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Yeah to both comments above! The picture is most likely older than 1992 now that I think about it but, certainly in the mid to late 1980's. And there are so many empty spots as well. When you grow up in a place only pictures can display what has changed as time goes on. These pictures at the very least display what good Norfolk has done instead of the bad.

Its clear downtown has very little room to grow from these pictures. They have to grow beyond traditional downtown Norfolk and this means expanding beyond were it has. Seeing the new Wells Fargo/Wachovia building away from the rest kind of starts the spread away from the front of downtown close to the water! The growth is certainly seen from this picture. And some of these buildings don't exist anymore. WOW, growth and time. From full head of hair in these pictures to a few gray hairs. WOW, TIME FLIES BY NO MATTER YOUR CIRCUMSTANCES! Oh well, let's hope the growth continues! L.G.N.Mshades.gifshades.gif

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Found this from looks like 1992? Nauticus is just starting construction and I think opened up in 93? Long way in 17 years

USS_America_CV-66_Norfolk.png

Some random comments:

CV 66 was the USS America, one of the last non-nuclear carriers and the last supercarrier not named for a person. After decommissioning, she was used for target practice and then scuttled off Cape Hatteras in 2005.

For an idea on the date of the photo, note that the Norfolk Southern Tower is not yet shown. Groundbreaking for Norfolk Southern Tower was in 1986. The tower opened in 1988. Town Point Center at Bousch and Plume also is not shown. It is about two years older than Norfolk Southern. So the photo was taken before 1985.

Notice that both Waterside and the World Trade Center Building expanded after this photo was taken.

The surface parking lots in the middle of the photo are on the site that became MacArthur Mall. Some posters at Urban Planet have lamented the loss of the urban street grid because of the mall. Before the mall, we had a distinct urban grid, but it was merely streets separating parking lots. The city tried for years to find a developer to develop what was then known simply as "the 17 acres". They wanted a single developer to develop the entire site, instead of developing it piecemeal. They were not successful in finding a developer with the means to develop the entire site, so they turned to Tishman to develop an upscale mall.

The federal building, at Granby Street and City Hall Avenue, was red brick. It was bright red, and ugly. It also leaked. So the feds replaced the brick with white precast concrete panels. The contractor had to do the work with the building still occupied. They paid millions for that project.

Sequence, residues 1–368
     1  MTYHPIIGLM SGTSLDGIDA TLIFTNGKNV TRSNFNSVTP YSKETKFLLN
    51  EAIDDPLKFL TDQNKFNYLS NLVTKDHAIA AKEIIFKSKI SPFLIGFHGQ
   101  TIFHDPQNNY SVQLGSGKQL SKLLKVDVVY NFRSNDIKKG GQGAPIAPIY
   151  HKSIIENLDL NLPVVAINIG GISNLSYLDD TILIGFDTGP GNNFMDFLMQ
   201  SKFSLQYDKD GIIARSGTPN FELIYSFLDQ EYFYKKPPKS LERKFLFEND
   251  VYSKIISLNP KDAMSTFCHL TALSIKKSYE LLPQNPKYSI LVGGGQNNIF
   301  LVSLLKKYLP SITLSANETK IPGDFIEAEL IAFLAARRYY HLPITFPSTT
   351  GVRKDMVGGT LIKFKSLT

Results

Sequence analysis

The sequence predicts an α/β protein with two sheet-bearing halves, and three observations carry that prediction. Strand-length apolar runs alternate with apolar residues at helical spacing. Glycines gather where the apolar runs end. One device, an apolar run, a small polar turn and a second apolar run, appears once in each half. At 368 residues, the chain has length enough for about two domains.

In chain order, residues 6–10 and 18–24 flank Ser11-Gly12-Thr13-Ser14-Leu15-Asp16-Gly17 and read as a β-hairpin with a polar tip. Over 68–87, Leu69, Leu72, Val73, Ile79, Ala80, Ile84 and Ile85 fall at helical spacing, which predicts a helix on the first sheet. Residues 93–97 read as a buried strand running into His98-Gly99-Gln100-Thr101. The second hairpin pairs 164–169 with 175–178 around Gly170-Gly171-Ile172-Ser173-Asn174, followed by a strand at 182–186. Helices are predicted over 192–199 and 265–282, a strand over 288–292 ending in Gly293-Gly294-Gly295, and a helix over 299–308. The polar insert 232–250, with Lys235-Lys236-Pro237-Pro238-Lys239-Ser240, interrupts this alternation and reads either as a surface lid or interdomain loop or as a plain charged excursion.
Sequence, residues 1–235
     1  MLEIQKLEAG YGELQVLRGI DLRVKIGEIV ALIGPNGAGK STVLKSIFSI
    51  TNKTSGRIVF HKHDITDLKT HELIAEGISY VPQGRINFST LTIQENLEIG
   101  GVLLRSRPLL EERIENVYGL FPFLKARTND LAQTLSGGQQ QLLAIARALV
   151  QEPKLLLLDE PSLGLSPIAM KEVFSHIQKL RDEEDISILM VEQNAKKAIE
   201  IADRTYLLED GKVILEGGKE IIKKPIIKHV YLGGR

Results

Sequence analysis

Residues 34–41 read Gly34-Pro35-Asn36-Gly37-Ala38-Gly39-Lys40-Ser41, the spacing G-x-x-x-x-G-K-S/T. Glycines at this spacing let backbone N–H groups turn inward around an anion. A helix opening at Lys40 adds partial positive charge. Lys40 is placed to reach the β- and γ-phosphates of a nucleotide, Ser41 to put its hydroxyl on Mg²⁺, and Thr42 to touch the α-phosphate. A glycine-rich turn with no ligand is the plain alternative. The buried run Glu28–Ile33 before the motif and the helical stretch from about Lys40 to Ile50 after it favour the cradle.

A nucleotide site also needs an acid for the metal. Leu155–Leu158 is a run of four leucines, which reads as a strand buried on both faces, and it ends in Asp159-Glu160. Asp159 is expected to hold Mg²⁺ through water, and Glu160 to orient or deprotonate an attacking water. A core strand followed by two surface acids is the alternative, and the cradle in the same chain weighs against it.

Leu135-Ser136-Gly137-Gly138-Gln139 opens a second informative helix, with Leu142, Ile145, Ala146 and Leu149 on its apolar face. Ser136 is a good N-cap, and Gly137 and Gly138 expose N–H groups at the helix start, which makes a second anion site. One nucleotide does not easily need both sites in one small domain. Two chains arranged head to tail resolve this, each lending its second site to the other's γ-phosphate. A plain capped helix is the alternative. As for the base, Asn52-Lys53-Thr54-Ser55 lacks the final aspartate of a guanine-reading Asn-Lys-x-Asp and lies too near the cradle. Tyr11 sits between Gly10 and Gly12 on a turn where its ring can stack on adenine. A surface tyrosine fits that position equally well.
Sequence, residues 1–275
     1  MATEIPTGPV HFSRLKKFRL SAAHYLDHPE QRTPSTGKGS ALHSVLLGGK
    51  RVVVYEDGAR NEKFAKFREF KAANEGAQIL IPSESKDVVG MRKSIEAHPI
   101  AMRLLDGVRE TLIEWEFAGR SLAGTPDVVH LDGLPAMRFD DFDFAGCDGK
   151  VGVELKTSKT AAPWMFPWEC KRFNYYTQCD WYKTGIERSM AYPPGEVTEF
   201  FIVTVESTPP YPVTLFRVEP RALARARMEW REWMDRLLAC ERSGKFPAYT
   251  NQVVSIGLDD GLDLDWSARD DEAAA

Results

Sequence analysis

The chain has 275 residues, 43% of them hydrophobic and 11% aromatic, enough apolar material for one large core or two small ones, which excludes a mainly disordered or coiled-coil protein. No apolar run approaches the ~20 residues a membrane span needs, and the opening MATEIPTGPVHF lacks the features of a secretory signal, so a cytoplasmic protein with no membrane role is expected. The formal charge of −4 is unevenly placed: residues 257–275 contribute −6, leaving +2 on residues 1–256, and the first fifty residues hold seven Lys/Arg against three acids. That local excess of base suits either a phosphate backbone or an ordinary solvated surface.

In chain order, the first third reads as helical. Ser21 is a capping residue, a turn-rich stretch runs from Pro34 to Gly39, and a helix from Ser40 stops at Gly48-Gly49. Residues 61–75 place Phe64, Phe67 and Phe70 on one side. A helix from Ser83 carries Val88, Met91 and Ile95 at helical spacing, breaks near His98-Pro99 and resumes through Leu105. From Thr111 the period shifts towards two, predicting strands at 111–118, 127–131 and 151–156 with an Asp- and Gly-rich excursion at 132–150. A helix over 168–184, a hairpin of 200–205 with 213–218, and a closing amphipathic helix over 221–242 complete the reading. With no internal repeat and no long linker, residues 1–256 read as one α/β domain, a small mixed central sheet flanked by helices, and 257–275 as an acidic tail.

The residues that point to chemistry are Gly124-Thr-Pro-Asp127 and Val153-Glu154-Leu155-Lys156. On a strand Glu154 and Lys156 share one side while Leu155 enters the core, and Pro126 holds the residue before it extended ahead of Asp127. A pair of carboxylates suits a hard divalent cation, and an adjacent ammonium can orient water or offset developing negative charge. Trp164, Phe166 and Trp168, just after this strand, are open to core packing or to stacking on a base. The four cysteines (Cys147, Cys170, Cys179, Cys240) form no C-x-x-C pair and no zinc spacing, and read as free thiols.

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My guess is 1980. Which still shows monumental progress and our downtown has filled in nicely. The above picture is a lame excuse for a downtown and looks like it didn't even have the density to give one a "city" or urban feel like our current DT can. My parents tell me of a DT with like 3 restaurants and a convenient store. Norfolk has risen from the dead, and has become the cultural center of VA.. and is well on it's way to becoming the premier city of the state.

27070_1325572668559_1508188734_30997151_8201100_n.jpg

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And the correct answer to the question of what year was this photo taken is......drum roll please......1983!!!-ish....maybe 1984 at the latest.

That comes from some research, the World Trade Center was completed in 1983, with the addition completed three years later. Which this would mean that construction on the addition was a two year process like most major construction projects are, therefore only a small window would be available for this photo. Also on the Bank of America building hangs the National Virginia Bank logo (or is it Virginia National Bank? either way, it was the bank that helped establish Bank of America.) The Sovran Bank logo that hung on the Bank of America building didnt go up until 1985. Which again, this means that this photo was taken some time between late 1983 and early to mid 1984. Also, it looks like there is plenty of people at Waterside and there looks to be some sort of concert set up, so I would say this is even a spring or early summer photo as well.